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Maritime

Cozza Looks To Raise Ports’ Profiles This Year

By Jenny Callison, posted Jan 7, 2015
Paul Cozza, CEO of the N.C. State Ports Authority, wants to use a strategic plan about the ports' goals and future to make the case for state investment in the facilities. (Photo c/o N.C. State Ports Authority)
After about eight months as CEO, Paul Cozza is plotting the course for the N.C. State Ports Authority just as the organization prepares to celebrate its 70th anniversary this year.

To mark that milestone, Cozza is eager for the ports to further develop and showcase their competitive strengths as well as move ahead with wood pellet storage projects at both state ports and a cold storage facility at the Port of Wilmington.

While his official title is chief executive officer, Cozza believes an important part of his job is to be a sort of chief sales officer, and he will use the anniversary year as “an opportunity to communicate the ports’ economic benefits to the state,” he said in a recent interview.

“We did a recent study with the economic departments of N.C. State University and University of North Carolina Wilmington to determine what and how we are doing,” said the ports chief. “The study showed we make a $14 billion annual economic contribution to the state. We support more than 76,000 jobs statewide and generate more than $700 million in state and local tax revenues. We are accretive to the state of North Carolina, and our infrastructure is not so terrible that we can’t grow.”

As an organization, the Ports Authority needs to “show the state we do have a vision, capacity, capability” to attract additional business and distinguish itself from other East Coast ports, Cozza said.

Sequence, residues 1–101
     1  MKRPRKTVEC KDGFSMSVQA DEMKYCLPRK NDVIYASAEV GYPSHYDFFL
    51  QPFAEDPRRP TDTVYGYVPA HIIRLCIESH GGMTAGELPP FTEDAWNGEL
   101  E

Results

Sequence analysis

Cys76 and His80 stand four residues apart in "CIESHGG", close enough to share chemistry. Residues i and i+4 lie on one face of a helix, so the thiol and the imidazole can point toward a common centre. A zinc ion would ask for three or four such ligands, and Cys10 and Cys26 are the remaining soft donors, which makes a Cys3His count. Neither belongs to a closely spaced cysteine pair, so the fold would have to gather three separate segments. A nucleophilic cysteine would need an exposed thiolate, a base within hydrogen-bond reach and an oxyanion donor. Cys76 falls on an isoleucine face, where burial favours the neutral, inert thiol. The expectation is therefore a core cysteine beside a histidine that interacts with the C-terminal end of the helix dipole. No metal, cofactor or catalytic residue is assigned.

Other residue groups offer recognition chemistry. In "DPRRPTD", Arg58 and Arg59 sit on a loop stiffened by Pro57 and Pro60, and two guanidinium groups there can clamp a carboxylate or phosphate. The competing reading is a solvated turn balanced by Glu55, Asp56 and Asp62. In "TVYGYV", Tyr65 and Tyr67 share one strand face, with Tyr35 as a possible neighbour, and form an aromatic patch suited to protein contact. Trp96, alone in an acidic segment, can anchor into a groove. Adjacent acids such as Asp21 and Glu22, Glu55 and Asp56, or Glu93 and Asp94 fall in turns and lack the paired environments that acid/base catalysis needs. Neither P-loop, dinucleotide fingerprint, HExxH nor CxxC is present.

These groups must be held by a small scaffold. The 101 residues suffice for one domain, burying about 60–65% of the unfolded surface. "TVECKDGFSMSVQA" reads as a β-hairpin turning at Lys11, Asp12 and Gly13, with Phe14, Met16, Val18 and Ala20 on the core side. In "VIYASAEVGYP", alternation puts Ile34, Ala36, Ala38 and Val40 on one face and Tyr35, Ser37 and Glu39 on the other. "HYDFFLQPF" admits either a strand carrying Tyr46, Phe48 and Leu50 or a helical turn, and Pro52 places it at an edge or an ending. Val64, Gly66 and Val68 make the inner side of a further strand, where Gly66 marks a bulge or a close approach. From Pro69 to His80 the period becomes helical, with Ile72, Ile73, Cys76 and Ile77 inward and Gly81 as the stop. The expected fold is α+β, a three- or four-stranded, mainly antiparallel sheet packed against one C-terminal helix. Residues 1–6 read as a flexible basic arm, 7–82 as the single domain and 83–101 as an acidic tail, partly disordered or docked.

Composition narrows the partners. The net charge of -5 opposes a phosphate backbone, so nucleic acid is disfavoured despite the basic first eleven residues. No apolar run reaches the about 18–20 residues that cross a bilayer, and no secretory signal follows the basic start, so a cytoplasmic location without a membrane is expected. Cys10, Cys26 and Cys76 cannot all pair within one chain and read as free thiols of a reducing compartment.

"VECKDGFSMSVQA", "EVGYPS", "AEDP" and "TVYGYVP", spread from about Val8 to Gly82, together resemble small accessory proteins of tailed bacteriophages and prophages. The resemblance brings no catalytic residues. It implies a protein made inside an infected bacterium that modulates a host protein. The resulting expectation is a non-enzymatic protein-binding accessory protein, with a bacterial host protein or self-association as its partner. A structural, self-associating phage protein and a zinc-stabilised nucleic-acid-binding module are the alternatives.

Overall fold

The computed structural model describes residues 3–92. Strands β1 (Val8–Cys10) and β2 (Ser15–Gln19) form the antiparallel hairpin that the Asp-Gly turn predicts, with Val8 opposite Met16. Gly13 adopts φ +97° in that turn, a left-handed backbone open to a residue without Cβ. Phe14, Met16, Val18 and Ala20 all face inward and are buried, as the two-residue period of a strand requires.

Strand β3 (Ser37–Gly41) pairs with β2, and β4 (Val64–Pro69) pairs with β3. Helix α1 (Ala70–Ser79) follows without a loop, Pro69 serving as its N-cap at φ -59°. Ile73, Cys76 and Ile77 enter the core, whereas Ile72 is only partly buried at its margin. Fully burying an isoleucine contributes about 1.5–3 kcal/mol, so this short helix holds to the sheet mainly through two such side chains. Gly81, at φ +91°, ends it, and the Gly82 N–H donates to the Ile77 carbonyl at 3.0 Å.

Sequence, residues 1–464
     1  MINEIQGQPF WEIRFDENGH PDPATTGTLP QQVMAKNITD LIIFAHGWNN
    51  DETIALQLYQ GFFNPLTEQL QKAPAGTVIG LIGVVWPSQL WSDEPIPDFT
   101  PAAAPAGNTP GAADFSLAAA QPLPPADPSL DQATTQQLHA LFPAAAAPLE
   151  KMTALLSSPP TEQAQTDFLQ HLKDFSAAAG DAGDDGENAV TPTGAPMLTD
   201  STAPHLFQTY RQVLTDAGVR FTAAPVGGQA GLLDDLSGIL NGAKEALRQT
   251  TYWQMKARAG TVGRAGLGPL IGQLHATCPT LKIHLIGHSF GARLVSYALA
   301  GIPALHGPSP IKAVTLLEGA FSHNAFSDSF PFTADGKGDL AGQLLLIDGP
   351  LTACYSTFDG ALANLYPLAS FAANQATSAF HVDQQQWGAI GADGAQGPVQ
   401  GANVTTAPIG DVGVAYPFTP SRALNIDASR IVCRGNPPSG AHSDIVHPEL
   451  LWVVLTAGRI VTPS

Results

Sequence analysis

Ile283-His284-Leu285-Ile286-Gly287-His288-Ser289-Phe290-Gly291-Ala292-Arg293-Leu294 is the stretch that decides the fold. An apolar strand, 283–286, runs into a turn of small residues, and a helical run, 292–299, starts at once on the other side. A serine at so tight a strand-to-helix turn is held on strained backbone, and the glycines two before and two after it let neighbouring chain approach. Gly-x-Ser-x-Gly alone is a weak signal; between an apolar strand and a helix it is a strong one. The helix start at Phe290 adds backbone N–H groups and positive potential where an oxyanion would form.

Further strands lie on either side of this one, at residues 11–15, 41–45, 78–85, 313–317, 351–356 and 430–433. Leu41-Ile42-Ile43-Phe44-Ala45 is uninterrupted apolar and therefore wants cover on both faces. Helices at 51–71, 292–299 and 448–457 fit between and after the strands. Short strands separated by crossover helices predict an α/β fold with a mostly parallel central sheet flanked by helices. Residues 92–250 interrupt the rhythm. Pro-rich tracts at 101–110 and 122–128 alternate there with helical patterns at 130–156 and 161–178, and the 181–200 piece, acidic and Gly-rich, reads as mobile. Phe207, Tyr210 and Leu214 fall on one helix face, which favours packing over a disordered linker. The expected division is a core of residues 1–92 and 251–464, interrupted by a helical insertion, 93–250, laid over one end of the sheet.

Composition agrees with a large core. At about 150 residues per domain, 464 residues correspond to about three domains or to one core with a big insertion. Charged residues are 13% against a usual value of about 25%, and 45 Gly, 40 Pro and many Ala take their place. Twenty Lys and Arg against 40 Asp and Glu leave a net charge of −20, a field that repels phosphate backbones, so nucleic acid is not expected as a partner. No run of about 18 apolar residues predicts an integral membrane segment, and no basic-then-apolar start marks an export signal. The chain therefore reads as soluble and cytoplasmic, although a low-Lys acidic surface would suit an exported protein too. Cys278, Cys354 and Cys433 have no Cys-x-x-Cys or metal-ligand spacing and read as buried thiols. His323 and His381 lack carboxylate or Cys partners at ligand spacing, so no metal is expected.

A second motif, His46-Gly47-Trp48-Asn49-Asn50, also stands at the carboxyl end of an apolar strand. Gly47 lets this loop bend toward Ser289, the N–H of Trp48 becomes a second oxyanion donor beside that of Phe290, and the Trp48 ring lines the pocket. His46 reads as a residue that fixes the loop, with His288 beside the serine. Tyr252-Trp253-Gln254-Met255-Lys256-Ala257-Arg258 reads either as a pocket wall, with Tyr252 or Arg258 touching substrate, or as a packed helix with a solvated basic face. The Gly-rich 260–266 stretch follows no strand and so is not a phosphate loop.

Cozza’s early impressions of the Ports Authority are encouraging ones.

“I find the organization – the people and infrastructure, the way we do things – in a very good state,” he said. “There is good service to customers; there are differentiated services. The challenge is getting the message out around the state about the size of our business and our potential. I see a lack of enthusiasm [around the state]. There are things we should be proud of, things we’ve been doing well.”

He wants the board to send a strategic plan to the General Assembly, outlining its goals and making a strong case for why the state should invest in its two ports.

“For the state of North Carolina, we need to have a 25-year plan. Everything takes time. We are a conduit of business. Transportation links are critical,” Cozza said.

The ports chief was generally supportive of the state’s 25-year transportation plan recently unveiled by Gov. Pat McCrory and Department of Transportation secretary Anthony Tata.
“It’s strategic. It looks at transportation long term and positions [the state] for economic development. There’s a focus on ports and how we fit in,” he said.

Over the past few years, revenues for both the Port of Morehead City and the Port of Wilmington have risen. At the end of October, Cozza said that, to date, revenues in the fiscal year that began July 1 were up 20 percent over the same period in 2013. In September of 2014, he added, revenues were up 30 percent over the same month in 2013.

 “It’s early, but we’re going in the right direction,” he said.